Using simple words and very short sentences, Wood presents the interconnected stories of three generations of two families--the African family of a shamba-living, fig-tree worshipping witch doctor and the veddy British Treverton family of aristocrats who have come to Kenya, taken over their land, and, not surprisingly, torn down the sacred fig tree to build a polo field. The British, as exemplified by Lord Treverton, are so arrogant and insensitive in the course of their decades of power, that the local population forms the guerilla Mau Mau secret society, committing all manner of murder and mayhem indiscriminately against both the British and those Kenyans who reject Mau Mau-style violence.

Eventually, of course, the Kenyans win their independence, but not before the reader is confronted with a series of other overtly dramatic and/or sentimental plot elements: a witch doctor putting a curse on the Treverton family, a wife steadfastly rejecting her husband's sexual advances from the beginning of her marriage, two mothers pretending for years that their own children do not exist, a lover hidden successfully for months in the garden, two passionate interracial affairs between "good" characters, a long-unsolved double murder, several suicides, secret betrayals, rapes, imprisonments, numerous love affairs both serious and casual, a gay relationship, and even the belief of a contemporary female doctor, who has straight hair and "creamy skin," that she is half Kikuyu. For good measure, there are also a couple of graphic sex scenes and a series of genital mutilations. The book is so unabashedly sensational and romantic that this reader found herself wishing the Mau Mau had been more successful. Mary Whipple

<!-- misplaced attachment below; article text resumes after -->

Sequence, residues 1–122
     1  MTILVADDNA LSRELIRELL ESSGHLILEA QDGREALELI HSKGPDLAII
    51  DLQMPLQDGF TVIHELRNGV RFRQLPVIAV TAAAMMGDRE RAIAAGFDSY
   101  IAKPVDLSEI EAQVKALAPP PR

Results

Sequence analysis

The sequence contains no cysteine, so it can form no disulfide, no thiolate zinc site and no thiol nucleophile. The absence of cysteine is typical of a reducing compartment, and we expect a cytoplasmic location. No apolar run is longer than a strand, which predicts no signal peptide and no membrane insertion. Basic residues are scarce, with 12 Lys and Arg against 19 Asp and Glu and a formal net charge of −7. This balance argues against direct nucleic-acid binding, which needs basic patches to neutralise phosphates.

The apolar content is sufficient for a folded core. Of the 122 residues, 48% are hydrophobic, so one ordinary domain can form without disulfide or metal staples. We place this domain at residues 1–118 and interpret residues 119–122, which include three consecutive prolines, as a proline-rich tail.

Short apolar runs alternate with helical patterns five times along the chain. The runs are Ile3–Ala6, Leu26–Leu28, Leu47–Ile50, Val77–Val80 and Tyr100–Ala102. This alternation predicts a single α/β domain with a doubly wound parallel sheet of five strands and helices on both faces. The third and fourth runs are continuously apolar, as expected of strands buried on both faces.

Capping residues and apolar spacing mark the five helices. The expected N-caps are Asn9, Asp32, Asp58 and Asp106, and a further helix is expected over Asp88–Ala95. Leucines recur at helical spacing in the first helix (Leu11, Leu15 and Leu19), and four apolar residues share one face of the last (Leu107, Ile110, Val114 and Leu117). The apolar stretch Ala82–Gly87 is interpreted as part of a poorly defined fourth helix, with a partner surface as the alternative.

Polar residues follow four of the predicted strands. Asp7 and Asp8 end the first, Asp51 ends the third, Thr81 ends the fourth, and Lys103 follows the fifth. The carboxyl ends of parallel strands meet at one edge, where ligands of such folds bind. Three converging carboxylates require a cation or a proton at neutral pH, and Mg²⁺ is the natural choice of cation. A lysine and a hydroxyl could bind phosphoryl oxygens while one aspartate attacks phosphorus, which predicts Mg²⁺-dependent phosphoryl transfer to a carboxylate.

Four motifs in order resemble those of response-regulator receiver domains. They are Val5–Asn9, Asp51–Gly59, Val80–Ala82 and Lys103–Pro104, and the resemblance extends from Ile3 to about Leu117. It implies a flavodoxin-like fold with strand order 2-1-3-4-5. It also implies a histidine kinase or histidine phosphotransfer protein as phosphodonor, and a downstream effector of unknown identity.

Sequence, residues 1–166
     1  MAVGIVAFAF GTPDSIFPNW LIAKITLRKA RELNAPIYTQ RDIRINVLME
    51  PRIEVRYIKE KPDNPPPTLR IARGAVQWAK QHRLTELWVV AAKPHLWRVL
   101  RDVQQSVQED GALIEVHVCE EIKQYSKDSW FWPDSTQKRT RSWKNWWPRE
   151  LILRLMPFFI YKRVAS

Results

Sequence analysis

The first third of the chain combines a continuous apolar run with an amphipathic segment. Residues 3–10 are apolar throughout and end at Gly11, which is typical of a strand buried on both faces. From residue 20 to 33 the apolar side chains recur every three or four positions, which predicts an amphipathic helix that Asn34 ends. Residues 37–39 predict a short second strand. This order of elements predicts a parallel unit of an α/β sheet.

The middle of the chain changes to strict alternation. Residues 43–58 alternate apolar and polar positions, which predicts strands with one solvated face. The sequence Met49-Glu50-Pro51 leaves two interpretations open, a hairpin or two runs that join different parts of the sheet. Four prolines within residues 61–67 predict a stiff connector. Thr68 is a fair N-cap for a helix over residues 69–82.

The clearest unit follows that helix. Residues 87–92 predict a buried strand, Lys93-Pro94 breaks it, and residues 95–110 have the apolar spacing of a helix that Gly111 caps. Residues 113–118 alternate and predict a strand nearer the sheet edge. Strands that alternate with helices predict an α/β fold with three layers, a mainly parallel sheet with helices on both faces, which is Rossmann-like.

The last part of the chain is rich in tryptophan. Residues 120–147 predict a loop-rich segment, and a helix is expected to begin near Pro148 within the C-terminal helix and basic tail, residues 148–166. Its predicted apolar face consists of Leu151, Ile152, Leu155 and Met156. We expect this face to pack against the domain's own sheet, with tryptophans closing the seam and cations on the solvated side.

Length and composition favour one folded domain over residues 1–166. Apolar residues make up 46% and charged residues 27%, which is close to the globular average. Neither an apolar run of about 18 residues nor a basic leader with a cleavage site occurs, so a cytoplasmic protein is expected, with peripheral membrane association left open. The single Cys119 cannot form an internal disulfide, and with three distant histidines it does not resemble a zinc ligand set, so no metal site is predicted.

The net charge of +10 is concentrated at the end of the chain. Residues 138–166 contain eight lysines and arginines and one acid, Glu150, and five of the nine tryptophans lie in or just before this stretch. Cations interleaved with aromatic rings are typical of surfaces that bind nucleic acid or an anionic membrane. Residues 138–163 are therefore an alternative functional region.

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5 of 5 people found the following review helpful By Alberto Leon on December 29, 2006